Last year, the Azerbaijan-Armenia war turned out a disaster for Armenia. About 4,000 of its troops got killed, and it lost the region of Nagorno-Karabakh to Azeri forces. The defeat brewed a political storm for Armenian Prime Minister Nikol Pashinyan. The opposition called for a referendum on his government, and Armenia went for national polls. However, despite the defeat, Armenians once again posed their faith in PM Pashinyan.
Defeat at war mainly due to Russia staying neutral over the growing Armenian closeness with the United States and the perpetual threat posed by Azerbaijan has dawned a renewed understanding of reality for Armenia. It is forcing Pashinyan to make several corrections to his foreign policy, which appear necessary for the survival of this nation given the geopolitical alliance that it faces.
At the start of his new term, Nikol Pashinyan has promised to deepen ties with Russia and the regional blocs led by it. Accordingly, Armenia will widen its engagement with Collective Security Treaty Organization (CSTO) and Eurasian Economic Union (EAEU). In fact, Pashinyan had understood the necessity of Russia before the elections, which is evident from his seeking additional Russian military support as tensions once again spiralled in May 2021.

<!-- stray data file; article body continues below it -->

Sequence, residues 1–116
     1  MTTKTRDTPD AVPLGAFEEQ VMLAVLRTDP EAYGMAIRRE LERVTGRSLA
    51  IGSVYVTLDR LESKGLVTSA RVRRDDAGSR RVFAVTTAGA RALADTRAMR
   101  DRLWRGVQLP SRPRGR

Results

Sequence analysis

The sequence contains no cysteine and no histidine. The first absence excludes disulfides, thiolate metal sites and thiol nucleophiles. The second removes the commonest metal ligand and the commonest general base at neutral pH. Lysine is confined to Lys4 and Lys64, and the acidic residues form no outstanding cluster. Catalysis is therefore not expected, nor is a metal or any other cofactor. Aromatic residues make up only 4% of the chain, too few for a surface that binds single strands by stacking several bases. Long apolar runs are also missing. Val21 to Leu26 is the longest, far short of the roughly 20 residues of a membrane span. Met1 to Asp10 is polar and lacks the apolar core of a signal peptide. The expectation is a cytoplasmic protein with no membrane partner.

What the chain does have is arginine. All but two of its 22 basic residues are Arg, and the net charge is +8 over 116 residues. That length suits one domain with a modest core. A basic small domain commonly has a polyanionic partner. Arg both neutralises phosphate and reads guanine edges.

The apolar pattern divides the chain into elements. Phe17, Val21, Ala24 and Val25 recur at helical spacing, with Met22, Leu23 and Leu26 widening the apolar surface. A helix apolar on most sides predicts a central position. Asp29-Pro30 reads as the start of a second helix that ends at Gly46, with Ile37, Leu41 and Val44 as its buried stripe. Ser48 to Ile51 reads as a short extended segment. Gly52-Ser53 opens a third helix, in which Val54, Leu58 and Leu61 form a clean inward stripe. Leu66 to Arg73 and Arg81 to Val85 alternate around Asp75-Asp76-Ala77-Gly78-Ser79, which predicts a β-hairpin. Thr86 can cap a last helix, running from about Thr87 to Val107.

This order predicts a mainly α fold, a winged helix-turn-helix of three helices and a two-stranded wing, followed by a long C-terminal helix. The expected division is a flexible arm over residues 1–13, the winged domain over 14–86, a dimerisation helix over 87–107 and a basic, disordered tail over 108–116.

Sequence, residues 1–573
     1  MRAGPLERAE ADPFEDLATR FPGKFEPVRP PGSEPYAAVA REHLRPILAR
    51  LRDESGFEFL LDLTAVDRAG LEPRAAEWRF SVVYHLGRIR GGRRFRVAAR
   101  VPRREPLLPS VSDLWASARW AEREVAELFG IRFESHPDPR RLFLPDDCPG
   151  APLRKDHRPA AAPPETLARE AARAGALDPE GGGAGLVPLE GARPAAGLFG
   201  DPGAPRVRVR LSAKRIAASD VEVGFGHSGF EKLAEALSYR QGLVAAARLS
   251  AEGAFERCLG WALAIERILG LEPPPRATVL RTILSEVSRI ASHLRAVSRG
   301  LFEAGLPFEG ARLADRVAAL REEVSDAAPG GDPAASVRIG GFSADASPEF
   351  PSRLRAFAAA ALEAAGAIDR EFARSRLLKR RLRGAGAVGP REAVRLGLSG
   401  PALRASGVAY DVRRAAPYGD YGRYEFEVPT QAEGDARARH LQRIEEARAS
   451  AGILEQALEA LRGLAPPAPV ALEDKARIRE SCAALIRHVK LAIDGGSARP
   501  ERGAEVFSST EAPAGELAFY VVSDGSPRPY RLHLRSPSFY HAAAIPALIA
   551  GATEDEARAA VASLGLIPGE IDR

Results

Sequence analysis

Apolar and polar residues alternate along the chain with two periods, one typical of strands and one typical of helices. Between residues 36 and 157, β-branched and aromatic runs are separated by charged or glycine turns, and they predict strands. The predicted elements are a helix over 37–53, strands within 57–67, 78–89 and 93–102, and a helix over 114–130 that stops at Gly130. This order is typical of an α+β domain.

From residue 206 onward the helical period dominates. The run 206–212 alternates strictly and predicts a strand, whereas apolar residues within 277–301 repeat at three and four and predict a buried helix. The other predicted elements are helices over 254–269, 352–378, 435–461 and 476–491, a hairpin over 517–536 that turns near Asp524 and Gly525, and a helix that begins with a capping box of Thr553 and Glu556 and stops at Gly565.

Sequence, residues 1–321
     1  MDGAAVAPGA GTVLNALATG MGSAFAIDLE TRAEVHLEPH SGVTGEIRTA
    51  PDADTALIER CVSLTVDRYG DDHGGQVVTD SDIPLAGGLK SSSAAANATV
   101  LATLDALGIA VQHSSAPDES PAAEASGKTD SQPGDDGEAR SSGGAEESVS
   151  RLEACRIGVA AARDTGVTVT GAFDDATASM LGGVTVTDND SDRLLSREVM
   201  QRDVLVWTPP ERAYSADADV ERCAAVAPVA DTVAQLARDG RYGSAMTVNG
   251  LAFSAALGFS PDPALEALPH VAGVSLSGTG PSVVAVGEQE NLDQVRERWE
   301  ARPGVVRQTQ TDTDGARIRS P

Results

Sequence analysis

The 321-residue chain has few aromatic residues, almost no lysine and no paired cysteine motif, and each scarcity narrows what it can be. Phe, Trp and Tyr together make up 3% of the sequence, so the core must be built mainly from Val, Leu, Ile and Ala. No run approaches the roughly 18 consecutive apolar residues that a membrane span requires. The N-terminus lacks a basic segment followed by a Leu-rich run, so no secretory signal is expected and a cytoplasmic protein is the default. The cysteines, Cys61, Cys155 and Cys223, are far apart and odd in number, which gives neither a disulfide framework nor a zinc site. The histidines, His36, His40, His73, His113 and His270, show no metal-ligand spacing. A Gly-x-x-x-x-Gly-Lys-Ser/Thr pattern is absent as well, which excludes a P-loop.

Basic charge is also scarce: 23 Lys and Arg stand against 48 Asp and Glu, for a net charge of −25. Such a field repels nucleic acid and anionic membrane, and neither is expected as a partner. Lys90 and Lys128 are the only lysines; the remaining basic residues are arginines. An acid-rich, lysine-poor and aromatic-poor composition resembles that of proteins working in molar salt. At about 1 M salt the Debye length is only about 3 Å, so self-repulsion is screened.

In the meantime, it appears that even after winning the Nagorno-Karabakh region, Azerbaijan won’t remain quiet. Azerbaijan has filed a criminal case against Armenia alleging ecological terrorism during their 30-year rule here. Also, Azerbaijan signed eleven deals with Zorlu Holding, a multinational conglomerate from Turkey. Accordingly, the Turkish company will invest in multiple projects in Azerbaijan. Moreover, Azerbaijan hosted the Pakistani Army chief, the de facto ruler of Pakistan. The two leaderships discussed the expansion of military ties between the two nations. It is evident that Azerbaijan has welcomed Armenian Prime Pashinyan into his new term by flexing muscles.
Azerbaijan strengthening its alliance with Turkey and Pakistan makes it a part of the dream of Turkish President Erdogan to reestablish the Ottoman Empire. It thus means that the Nagorno-Karabakh war of September 2020 won’t be the last set of hostilities that the region sees, and that role of Russia will be pivotal.